Ramsgate, on the Isle of Thanet, the furthest east you can go in
Once a favourite for family bucket-and-spade holidays, the
elegant Georgian terraces, Regency crescents, and fine harbour
offer plenty of grown-up attractions.
What to see
The splendid harbour with its yacht-packed marina is the focus
of the town. Designated a Royal Harbour by King George IV in 1820
(the only one in England), it has seen the departure of British
troops for the Napoleonic Wars and played an important part in the
1940 Dunkirk evacuation.
Ramsgate Maritime Museum, on the quayside, has four galleries,
and includes an important collection of artefacts from ships
wrecked on the notorious Goodwin Sands. The Ramsgate Meridian runs
through it.ucked against the cliff on the edge of the harbour, the
little Sailor's Church is a quiet place with a sense of the sea and
those who sail it.
A wander along the town's crescents, parades, and squares
reveals blue plaques to famous residents and visitors, from
Princess Victoria and Jane Austen to Wilkie Collins - who wrote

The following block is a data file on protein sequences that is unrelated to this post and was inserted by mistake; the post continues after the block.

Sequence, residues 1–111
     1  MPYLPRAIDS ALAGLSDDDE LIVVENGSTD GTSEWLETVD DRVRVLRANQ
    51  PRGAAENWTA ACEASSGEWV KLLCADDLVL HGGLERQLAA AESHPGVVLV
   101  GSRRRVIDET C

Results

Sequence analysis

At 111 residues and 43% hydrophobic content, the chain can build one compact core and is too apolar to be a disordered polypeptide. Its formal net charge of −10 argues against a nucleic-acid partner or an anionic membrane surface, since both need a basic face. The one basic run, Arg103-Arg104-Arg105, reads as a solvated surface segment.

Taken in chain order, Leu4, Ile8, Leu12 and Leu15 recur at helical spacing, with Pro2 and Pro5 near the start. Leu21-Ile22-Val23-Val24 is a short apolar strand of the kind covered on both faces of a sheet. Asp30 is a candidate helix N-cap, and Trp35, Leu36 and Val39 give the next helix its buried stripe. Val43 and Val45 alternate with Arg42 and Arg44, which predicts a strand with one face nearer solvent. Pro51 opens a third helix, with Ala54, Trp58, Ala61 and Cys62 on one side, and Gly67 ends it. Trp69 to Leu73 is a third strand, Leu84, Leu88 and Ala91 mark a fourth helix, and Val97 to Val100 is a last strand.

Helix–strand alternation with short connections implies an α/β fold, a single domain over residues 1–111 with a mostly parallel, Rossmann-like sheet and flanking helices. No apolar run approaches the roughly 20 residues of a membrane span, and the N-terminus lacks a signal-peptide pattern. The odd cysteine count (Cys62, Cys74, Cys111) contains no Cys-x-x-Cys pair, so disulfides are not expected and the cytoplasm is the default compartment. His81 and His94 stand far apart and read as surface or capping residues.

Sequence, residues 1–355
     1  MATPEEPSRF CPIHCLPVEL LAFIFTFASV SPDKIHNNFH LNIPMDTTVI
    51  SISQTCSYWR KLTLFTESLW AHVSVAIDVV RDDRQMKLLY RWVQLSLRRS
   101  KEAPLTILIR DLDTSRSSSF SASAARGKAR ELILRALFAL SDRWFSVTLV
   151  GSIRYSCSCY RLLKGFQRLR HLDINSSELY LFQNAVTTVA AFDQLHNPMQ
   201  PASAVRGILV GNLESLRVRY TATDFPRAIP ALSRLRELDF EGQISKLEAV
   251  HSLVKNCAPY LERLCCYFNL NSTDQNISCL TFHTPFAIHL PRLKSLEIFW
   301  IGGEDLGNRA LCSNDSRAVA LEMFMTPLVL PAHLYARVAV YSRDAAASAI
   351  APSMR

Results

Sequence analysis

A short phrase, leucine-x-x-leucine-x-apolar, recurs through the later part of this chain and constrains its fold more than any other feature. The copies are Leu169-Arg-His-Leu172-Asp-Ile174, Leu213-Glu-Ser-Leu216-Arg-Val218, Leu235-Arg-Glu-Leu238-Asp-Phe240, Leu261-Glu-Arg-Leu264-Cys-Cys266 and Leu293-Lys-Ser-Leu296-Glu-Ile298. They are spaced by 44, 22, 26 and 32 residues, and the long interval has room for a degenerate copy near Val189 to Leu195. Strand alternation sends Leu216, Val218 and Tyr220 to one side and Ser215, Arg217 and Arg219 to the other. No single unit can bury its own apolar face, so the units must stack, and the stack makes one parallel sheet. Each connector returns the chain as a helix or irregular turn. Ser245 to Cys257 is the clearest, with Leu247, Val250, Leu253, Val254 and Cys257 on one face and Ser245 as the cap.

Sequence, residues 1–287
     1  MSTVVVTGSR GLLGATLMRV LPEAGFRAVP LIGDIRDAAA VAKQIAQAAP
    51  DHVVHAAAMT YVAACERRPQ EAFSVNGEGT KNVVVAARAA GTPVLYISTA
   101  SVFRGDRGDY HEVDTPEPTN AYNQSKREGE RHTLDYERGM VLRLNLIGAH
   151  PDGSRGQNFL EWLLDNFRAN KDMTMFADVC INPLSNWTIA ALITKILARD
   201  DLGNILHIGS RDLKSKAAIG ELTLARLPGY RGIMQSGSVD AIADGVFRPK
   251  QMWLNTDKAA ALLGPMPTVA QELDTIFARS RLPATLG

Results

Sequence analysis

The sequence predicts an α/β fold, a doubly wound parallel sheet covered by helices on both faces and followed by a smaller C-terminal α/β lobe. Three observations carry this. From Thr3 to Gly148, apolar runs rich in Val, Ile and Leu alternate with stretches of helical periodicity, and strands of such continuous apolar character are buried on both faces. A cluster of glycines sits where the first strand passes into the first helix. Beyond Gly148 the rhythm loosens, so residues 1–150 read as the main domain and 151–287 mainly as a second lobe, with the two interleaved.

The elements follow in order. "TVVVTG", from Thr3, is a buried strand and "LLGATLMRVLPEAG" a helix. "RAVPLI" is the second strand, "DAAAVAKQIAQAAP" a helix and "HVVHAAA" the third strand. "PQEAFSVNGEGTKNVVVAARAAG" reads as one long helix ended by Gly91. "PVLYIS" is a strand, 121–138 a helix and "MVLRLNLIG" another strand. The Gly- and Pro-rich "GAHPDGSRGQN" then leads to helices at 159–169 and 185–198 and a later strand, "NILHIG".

The Woman in White while staying at 14 Nelson Crescent -
and Vincent van Gogh, who lodged at 11 Spencer Square when he was
teaching at 5 Royal Road.
St Augustine's, on the West Cliff, is the "ideal church" of
Pugin, who spared no expensive in designing and building it
according to his "true principles of Christian architecture". He
was attracted to the site because it was close to where St
Augustine landed in AD 572. In 2012, the church was designated an
official shrine of St Augustine for pilgrimage.
Next door, The Grange, the house Pugin built for himself and his
family, has been beautifully restored by the Landmark Trust, and is
open to visitors by appointment (you can stay there, it sleeps
eight). Its colourful décor is reminiscent of the interiors he
designed for the Houses of Parliament.
Where to eat and drink
For good British cooking by a highly regarded chef with a
passion for ingredients gleaned from the coast and countryside of
Kent, seek out Age and Sons Restaurant, Café, and Bar in Charlotte
Court, a stylishly converted Victorian wine warehouse near the
Minster Abbey, founded in AD 670 by a great-granddaughter of
King Ethelbert, is one of the earliest monastic foundations in
England. Broadstairs has a lovely beach, retro ice-cream parlours,
and Charles Dickens connections, including the clifftop Bleak
House, where he wrote David Copperfield, and the
memorabilia-packed Dickens' House Museum. The excellent seafront
art gallery Turner Contemporary makes a visit to Margate a must.
Cross the road to wander the cobbled lanes of Margate's Old Town,
lined with galleries, cafés, crafts, and funky shops.